Now that I’m home from the convention and we have finished up our last few subjects, my mind is turning to planning the new year and using all of the materials I purchased in June!
This is our fifth year of homeschooling, and although I’m starting to feel as though I finally have some sense of what I’m doing, this year I will be teaching three grades–plus some kind of “tot school” for Jack! The third- and fourth-graders have enough of a foundation now that we can start to add some additional subjects, such as Latin, art, and Bible, and I feel I can also step up the requirements in areas such as neatness and diligence.
It’s time to make sure I have the year well-planned before I forget all my neat ideas and the January doldrums hit.
The first step in successful homeschool planning is always evaluation. Not just testing, but looking at the year past, considering the students, and writing down what I thought went well, what went poorly, and why I think things went as they did. I try to do this by subject–Did we complete the material? Was the curriculum easy to use? Did it keep the children’s interest and build a desire to learn? Did they retain the information?–and by child–What did they enjoy? What was their best and worst subject? Did they do better at any point in the day regardless of subject? What did they go on to learn independently? What attitudes did they have? This evaluation helps me determine curriculum, schedule, and what character issues I need to focus on in the new year.
Secondly, I look at the calendar. I look at the year we completed and note when we took time off. We school 11 months out of the year, using eight-week blocks, with time off for holidays and as needed. I also look at which subjects took the longest to finish and try to understand why. I then look at the new school year’s calendar, divide it into blocks, and write in the things I know we will need to take time off for (holidays, visit to family in Kentucky, etc.) This tells me where I will have gaps in the school schedule and I use that information in the next step.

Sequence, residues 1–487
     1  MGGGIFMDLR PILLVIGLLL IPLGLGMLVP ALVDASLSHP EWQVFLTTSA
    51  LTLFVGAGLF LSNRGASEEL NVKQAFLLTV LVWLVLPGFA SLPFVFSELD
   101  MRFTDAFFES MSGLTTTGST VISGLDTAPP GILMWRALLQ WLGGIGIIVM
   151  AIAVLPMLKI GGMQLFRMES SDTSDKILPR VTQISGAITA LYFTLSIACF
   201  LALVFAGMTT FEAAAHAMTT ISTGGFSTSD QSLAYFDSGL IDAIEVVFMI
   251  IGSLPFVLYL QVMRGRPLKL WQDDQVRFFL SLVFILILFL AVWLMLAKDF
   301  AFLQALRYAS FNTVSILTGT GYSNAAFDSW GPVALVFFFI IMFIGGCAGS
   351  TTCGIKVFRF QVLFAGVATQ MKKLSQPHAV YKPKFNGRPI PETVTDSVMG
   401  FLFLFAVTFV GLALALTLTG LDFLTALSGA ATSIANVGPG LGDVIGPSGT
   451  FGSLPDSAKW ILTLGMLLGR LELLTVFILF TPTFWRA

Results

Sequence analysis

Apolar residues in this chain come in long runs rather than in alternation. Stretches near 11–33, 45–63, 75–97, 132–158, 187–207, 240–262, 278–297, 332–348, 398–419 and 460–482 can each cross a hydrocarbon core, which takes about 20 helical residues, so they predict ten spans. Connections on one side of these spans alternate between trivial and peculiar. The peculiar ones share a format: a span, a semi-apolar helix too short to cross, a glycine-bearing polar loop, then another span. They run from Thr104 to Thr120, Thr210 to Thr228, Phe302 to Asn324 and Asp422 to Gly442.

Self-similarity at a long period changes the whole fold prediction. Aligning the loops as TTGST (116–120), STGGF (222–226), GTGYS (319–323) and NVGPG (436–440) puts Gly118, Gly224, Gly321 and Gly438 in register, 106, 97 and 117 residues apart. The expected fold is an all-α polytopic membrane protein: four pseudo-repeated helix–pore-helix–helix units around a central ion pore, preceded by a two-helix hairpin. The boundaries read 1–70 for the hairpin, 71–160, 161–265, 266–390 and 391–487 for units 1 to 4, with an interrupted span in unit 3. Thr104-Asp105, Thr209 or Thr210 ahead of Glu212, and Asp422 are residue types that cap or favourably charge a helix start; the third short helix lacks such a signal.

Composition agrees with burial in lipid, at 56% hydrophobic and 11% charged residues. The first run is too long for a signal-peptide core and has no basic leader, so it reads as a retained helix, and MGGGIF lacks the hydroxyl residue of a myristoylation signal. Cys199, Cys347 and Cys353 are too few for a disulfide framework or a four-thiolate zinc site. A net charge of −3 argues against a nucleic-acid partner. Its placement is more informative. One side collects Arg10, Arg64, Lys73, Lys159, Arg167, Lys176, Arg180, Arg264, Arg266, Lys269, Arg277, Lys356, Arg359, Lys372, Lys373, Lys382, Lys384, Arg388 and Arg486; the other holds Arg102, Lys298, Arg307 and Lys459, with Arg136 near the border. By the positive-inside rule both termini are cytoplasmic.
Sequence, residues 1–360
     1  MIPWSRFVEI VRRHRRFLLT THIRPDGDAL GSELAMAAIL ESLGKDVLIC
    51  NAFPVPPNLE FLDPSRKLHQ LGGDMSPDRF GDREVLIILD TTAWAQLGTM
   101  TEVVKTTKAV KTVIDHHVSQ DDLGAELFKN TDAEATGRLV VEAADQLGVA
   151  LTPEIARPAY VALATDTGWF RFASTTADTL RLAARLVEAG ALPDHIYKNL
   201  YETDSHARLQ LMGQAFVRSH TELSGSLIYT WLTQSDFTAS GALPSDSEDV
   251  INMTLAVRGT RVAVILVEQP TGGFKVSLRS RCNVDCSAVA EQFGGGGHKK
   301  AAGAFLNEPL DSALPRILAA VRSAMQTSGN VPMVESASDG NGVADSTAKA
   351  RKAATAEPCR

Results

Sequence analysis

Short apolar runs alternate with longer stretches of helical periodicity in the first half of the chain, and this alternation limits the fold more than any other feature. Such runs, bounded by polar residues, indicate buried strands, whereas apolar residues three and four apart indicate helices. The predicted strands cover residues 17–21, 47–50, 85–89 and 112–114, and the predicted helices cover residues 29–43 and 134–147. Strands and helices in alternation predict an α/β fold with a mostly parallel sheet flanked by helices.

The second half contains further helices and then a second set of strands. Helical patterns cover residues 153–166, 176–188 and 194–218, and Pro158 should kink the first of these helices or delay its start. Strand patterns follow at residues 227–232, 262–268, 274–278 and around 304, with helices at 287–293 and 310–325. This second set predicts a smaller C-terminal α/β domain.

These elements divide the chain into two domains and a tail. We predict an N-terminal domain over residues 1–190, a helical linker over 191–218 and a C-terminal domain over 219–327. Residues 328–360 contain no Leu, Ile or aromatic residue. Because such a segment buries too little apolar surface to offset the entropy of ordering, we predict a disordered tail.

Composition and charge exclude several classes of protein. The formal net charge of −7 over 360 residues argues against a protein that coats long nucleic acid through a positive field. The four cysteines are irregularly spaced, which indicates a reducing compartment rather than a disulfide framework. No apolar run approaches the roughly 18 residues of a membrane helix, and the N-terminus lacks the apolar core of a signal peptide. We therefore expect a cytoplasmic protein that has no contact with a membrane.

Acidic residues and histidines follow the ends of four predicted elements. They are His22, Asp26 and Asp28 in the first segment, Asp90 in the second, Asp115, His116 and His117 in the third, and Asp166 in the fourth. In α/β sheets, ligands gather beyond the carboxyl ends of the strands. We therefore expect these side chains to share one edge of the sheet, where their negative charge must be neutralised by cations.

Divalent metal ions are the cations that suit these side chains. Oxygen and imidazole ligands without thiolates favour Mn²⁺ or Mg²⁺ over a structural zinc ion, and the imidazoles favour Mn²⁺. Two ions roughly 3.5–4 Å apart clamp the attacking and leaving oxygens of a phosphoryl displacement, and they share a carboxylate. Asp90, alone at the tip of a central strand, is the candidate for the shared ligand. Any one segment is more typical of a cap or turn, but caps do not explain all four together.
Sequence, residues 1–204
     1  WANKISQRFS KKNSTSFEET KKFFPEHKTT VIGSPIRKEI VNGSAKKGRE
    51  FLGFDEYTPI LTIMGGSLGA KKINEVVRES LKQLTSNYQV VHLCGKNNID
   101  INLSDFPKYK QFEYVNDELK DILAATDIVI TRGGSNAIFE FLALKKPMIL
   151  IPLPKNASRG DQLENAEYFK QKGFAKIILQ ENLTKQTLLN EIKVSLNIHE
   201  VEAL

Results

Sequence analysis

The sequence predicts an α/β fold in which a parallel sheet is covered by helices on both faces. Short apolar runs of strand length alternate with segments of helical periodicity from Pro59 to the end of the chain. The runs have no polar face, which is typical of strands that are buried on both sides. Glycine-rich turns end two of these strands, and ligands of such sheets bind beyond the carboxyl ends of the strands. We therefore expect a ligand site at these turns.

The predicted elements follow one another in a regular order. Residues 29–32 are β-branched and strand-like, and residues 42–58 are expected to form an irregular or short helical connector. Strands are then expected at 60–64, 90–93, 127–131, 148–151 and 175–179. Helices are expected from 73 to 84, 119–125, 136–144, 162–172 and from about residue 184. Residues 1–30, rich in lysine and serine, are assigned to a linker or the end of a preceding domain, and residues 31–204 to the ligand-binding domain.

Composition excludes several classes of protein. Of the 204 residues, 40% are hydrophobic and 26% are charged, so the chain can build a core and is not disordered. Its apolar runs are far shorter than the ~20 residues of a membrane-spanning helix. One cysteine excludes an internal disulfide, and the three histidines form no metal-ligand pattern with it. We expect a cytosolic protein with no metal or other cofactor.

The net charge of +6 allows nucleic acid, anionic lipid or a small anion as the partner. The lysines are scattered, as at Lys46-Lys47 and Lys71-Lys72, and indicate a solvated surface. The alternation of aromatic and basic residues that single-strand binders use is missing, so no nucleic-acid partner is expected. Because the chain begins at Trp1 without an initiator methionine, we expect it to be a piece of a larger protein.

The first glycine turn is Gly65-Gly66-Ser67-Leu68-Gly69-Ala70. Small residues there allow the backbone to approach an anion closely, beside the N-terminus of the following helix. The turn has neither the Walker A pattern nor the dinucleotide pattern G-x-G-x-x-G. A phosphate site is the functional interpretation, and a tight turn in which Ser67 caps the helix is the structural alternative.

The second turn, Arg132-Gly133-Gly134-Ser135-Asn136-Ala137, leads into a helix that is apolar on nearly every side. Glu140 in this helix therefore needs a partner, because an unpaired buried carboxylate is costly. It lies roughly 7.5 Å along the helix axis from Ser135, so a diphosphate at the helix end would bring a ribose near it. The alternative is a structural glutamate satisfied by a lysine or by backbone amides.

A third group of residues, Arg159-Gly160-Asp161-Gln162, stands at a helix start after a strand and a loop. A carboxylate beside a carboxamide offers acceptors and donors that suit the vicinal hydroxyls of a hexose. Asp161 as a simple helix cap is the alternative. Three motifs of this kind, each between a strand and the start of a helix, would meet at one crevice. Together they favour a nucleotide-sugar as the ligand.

For the third step, I look at each subject and divide the number of chapters or lessons by the number of weeks we will be in school to find how many lessons we need to cover each week. I use that information to write the actual lesson plans and to build our daily and weekly schedule. Our core classes–reading/phonics, spelling, and math–happen every day, while other subjects–such as science, history, and Latin–are taught once or twice a week.
Once I know the rotation of lessons and how many we need to go through each week, I write the lesson numbers into my planner along with short notes on supplemental reading, projects, etc. I try to be aware of holidays and breaks, and may combine some lessons or shift the order around to ensure that lessons with multiple parts are not split by a break.
Finally, I do as much of the copying, printing, and collecting of supplies ahead of time as I can. This year, I have a file drawer specifically for printouts and am planning to make all of the copies I can for four children ahead of time so I can just pull them out when I do my weekly preparation.
Planning ahead makes such a difference to my attitude and ability to “do school”. I am much more able to change and adapt to circumstances when I have a framework to follow and have taken the time to consider the strengths, weaknesses, and needs of all involved!
Kyndra Steinmann blogs at Sticks, Stones and Chicken Bones about living in a houseful of young children, special needs, discipling hearts, and abundant grace! As a homeschool graduate, she has an especial burden to encourage mothers to know and enjoy their children. Follow her on Twitter, Facebook, and Pinterest.